“We have two girls aged 6 and 8. My husband is the family’s only breadwinner. He earns 525 euros per month. Our fixed monthly expenses, including rent, are 492 euros. That leaves us with only 33 euros to live on each month. We have to ask Caritas for support, such as for food and for help to pay some additional domestic expenses,” explains a 25 year old mother from Portugal.
Situations like this are a reality to many in Europe, as is shown in Caritas Europa’s new series of poverty monitoring reports. Composed of 21 reports from different Caritas organisations throughout the European Union (EU), the series highlights in-work poverty and long-term unemployment as today’s most worrying causes of inequality.
The series’ Portuguese report was launched in Lisbon by Caritas Portugal. This report finds that, in Portugal, changes to the award criteria of minimum income schemes have reduced the number of eligible beneficiaries, meaning that fewer people have access to adequate income support. At the same time, the reform of the labour market has increased job precariousness and deepened the effects of in-work poverty.
In addition, budget cuts have made some services inaccessible to many poor people with inland rural areas being particularly affected. To address these major poverty-related challenges, Caritas Portugal proposes that the country’s political leaders provide a minimum income for all in need, create decent jobs and ensure that the poorest have access to social services and that they are well informed of any new policy measures that can affect them.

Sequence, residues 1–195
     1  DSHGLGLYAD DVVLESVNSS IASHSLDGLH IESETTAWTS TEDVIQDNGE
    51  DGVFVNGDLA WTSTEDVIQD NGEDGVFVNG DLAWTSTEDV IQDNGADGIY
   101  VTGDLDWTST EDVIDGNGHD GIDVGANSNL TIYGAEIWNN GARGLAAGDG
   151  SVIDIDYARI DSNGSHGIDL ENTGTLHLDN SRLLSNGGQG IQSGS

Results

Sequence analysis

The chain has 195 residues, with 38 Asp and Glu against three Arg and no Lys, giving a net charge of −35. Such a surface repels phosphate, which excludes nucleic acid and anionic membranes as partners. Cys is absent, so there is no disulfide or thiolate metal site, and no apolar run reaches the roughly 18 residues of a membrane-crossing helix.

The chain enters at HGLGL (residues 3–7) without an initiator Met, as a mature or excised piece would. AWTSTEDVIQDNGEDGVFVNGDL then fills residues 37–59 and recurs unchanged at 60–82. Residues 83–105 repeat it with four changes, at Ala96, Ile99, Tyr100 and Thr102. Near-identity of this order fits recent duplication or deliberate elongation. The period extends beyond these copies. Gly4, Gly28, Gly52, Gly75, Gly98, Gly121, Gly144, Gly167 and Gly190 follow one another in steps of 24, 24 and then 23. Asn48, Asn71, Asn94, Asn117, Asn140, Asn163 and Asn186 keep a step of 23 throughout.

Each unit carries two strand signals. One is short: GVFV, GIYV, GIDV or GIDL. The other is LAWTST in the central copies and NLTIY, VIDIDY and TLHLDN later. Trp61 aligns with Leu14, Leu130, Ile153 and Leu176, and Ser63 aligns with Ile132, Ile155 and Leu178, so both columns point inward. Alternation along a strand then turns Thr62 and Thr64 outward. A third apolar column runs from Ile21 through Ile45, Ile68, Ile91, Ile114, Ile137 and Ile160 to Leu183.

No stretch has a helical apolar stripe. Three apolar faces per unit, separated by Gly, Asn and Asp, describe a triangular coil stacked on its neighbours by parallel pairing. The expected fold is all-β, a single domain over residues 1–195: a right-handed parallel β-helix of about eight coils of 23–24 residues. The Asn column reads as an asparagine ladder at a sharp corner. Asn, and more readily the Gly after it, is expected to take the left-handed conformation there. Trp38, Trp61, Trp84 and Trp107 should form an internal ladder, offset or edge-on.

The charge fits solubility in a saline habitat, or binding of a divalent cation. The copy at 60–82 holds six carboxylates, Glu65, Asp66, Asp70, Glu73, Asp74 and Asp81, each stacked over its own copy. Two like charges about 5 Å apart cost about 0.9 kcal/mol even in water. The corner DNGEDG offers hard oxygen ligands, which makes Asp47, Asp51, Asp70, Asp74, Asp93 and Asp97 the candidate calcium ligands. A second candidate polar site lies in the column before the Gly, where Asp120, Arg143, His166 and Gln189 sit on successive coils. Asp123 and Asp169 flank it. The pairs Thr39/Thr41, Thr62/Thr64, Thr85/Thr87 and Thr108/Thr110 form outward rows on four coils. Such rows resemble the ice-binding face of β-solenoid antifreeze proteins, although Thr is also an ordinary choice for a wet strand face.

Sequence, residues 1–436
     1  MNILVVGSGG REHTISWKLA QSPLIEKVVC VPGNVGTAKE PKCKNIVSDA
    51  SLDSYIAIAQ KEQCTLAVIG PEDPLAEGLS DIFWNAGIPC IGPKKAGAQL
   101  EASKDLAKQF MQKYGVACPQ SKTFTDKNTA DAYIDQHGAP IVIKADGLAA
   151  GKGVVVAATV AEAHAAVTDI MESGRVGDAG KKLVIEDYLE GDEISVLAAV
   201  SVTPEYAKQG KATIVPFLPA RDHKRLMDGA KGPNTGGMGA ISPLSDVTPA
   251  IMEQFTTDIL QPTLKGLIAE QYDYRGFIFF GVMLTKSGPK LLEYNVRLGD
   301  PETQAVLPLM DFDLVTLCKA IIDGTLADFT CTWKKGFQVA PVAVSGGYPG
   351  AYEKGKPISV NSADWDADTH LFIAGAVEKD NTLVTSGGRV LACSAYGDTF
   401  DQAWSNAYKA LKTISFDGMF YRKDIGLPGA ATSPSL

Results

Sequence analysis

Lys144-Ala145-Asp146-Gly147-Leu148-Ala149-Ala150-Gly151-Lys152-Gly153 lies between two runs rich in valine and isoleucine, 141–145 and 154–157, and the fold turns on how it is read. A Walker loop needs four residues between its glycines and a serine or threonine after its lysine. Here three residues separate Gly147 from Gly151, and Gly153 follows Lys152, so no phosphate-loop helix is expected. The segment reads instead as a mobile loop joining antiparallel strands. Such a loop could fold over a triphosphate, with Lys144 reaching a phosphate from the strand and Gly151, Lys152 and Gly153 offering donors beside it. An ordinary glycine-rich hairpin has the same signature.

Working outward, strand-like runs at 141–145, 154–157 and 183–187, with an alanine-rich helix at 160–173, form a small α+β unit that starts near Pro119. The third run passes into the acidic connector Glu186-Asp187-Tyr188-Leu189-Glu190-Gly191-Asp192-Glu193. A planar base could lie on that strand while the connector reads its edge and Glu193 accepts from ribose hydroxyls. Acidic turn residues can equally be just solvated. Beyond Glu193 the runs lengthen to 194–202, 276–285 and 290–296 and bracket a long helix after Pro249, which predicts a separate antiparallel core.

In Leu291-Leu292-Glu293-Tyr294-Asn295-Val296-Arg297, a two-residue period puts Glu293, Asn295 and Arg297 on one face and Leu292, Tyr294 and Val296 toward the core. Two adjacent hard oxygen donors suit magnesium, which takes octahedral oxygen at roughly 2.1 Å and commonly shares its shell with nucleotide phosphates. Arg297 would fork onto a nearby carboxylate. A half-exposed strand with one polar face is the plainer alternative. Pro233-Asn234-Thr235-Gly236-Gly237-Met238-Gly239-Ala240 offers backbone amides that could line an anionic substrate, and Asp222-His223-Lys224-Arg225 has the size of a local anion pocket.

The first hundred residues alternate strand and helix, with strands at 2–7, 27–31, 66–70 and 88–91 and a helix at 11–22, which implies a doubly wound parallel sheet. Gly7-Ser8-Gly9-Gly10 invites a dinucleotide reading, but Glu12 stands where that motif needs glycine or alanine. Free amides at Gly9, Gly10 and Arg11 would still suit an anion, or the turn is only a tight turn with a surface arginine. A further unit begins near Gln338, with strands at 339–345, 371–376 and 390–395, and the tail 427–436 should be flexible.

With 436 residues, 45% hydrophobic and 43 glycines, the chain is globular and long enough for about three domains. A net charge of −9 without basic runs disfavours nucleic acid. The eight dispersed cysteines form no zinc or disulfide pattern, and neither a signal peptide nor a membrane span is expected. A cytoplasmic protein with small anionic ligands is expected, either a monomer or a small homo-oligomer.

These and findings from the series’ other national reports feed into the forthcoming European report, entitled “End poverty in Europe – Our solutions to make it happen”, which will be launched in mid-April 2016.
The European report compares concrete causes of poverty, inequality and exclusion rampant in European societies and formulates recommendations for policy-makers to address the causes. For example, in Austria, Bulgaria and Portugal, the amount of minimum income is too low to cover basic needs, even if combined with social benefits. In several countries, people at risk of poverty and social exclusion face difficulties in accessing services. In the Netherlands and Portugal, for example, waiting lists are long or there is not enough capacity to deal with demand. In Bulgaria, Italy, Portugal and Slovakia, quality services are found to be too far away to reach or to travel to.
To read more about the findings of Caritas in Portugal, download the English version of the report.
cover photo:getty/ Carl Court